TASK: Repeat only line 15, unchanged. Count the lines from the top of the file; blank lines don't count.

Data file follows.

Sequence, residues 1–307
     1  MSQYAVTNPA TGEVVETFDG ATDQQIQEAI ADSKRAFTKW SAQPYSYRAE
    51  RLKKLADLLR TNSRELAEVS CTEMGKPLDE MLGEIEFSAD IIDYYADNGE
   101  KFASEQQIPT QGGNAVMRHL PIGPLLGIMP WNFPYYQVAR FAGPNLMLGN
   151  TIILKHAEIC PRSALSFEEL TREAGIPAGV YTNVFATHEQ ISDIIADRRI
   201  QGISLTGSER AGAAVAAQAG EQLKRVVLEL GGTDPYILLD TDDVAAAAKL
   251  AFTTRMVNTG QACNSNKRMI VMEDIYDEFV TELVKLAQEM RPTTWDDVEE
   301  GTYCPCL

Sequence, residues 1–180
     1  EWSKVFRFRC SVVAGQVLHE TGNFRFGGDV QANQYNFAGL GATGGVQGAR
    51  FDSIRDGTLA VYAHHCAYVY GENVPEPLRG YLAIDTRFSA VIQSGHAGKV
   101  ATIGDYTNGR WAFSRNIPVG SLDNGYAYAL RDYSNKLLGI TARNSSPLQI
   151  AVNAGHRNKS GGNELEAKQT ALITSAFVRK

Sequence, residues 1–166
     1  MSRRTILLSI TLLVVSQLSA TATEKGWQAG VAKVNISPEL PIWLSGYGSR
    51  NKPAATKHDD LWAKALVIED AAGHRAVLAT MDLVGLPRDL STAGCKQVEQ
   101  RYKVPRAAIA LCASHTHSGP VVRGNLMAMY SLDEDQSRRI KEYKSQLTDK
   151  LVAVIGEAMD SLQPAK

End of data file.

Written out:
     1  MSRRTILLSI TLLVVSQLSA TATEKGWQAG VAKVNISPEL PIWLSGYGSR